Nibley spoke in the late seventies on Brigham Young as a leader and continued to explore concepts of leadership in his now-famous “Leaders to Managers” BYU commencement address in 1983, his remarks on “Criticizing the Brethren” in 1989, and his “Exemplary Manhood” keynote address at BYU in 1991.

Clearly not sympathetic to criticism of the Church and its leaders, Nibley cites Joseph Smith, who even today is the main object of attack. Joseph places the responsibility to find out the truth squarely on our own shoulders: “Search the scriptures—search . . . and ask your Heavenly Father, in the name of His Son Jesus Christ, to manifest the truth unto you; . . . you will then know for yourselves and not for another. You will not then be dependent on man for the knowledge of God; nor will there be any room for speculation” (TPJS, 11—12). Brigham, too, delineates personal responsibility: “I have uniformly exhorted the people to obtain this living witness each for themselves; then no man on earth can lead them astray” (JD 6:100). Nibley explores Alma’s struggle with dissenters—”the same shall ye not receive into my church” (Mosiah 26:28)—and further explains: “Excommunication was the limit of their authority and is the only power to punish which the Church has ever had. It is not the same power of excommunication claimed by the Roman church, where excommunication means the same as damnation. It is for God alone to judge and pronounce a sentence of eternal salvation or damnation” (p. 419).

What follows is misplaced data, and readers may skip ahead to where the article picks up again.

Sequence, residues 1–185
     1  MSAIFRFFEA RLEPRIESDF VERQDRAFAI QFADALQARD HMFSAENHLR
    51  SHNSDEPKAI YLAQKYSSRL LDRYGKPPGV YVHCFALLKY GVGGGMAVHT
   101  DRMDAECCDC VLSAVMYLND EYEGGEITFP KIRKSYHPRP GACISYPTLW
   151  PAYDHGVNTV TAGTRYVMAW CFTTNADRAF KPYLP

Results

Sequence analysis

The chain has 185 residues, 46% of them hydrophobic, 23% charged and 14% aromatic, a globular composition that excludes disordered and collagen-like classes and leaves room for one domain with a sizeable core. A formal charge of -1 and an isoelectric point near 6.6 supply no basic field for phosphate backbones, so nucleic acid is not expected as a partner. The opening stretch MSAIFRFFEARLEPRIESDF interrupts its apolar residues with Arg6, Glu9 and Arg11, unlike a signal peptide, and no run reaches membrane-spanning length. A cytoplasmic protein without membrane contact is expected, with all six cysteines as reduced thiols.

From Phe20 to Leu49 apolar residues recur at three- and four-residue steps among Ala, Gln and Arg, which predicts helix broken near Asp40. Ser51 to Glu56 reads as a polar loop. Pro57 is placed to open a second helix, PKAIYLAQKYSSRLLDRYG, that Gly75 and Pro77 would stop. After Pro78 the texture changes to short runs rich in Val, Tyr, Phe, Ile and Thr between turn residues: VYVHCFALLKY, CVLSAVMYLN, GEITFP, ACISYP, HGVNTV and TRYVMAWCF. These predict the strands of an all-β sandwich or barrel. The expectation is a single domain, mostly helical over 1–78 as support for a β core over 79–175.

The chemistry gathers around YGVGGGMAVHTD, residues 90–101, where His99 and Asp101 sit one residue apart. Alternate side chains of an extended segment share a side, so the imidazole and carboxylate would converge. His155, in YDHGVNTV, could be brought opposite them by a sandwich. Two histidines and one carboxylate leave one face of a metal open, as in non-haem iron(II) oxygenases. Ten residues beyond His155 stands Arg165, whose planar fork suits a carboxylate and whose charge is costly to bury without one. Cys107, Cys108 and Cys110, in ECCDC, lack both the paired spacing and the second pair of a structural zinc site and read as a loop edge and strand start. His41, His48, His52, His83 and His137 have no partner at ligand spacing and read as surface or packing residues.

According to Brigham, “The leader’s business is to get people to want to do things, to place desirable objects before them, so that each will strive, entirely on his own, for that objective” (p. 459). Leadership consists of invitation rather than compulsion, of correcting one’s own faults and gaining power over oneself. Leaders are movers, shakers, original, inventive, unpredictable, imaginative, and have a passion for equality and a desire to escape from mediocrity, while managers are safe, conservative, predictable, conforming, dedicated to the establishment, seeking promotion, perks, privilege, power, and rank. Nibley sees in the rise of management the decline of culture.

Nibley’s respect and admiration for two great leaders of our time are a persistent theme in this volume: “I am thinking of the two greatest men of our dispensation, the one the devoted disciple and boundless admirer of the other—Joseph Smith and Brigham Young. They are practically out of reach as exemplary figures” (p. 517). Nibley’s desire is that we emulate these remarkable individuals.

This volume (as well as the entire Collected Works of Hugh Nibley) is the result of countless hours of work by many individuals: Janet Carpenter, Glen Cooper, Karen Dick, James Fleugel, John Gee, Fran Clark Hafen, Andrew Hedges, Michael Lyon, Brent McNeely, Tyler Moulton, Phyllis Nibley, Kathy O’Brien, Stephen Ricks, Matthew Roper, James Tredway, and Natalie Whiting. At Deseret Book, the work has been expedited by Suzanne Brady, Tonya Facemyer, Devan Jensen, Patricia J. Parkinson, and Emily Watts.

Don Norton Shirley S. Ricks Editors